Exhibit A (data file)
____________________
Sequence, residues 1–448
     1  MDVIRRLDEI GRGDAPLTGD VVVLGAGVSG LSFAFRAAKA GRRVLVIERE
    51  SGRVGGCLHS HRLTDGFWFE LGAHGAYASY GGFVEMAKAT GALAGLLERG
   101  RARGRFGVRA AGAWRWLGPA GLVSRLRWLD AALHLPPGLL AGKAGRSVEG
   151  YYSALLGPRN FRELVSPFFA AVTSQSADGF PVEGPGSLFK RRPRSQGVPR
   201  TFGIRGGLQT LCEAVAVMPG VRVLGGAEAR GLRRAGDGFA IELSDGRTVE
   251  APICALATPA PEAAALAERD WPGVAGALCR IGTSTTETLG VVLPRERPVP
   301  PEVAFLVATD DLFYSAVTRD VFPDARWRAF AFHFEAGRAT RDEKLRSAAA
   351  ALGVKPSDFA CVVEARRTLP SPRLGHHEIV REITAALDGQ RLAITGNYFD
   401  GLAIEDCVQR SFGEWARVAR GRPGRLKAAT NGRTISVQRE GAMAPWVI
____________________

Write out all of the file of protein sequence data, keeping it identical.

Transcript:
Sequence, residues 1–448
     1  MDVIRRLDEI GRGDAPLTGD VVVLGAGVSG LSFAFRAAKA GRRVLVIERE
    51  SGRVGGCLHS HRLTDGFWFE LGAHGAYASY GGFVEMAKAT GALAGLLERG
   101  RARGRFGVRA AGAWRWLGPA GLVSRLRWLD AALHLPPGLL AGKAGRSVEG
   151  YYSALLGPRN FRELVSPFFA AVTSQSADGF PVEGPGSLFK RRPRSQGVPR
   201  TFGIRGGLQT LCEAVAVMPG VRVLGGAEAR GLRRAGDGFA IELSDGRTVE
   251  APICALATPA PEAAALAERD WPGVAGALCR IGTSTTETLG VVLPRERPVP
   301  PEVAFLVATD DLFYSAVTRD VFPDARWRAF AFHFEAGRAT RDEKLRSAAA
   351  ALGVKPSDFA CVVEARRTLP SPRLGHHEIV REITAALDGQ RLAITGNYFD
   401  GLAIEDCVQR SFGEWARVAR GRPGRLKAAT NGRTISVQRE GAMAPWVI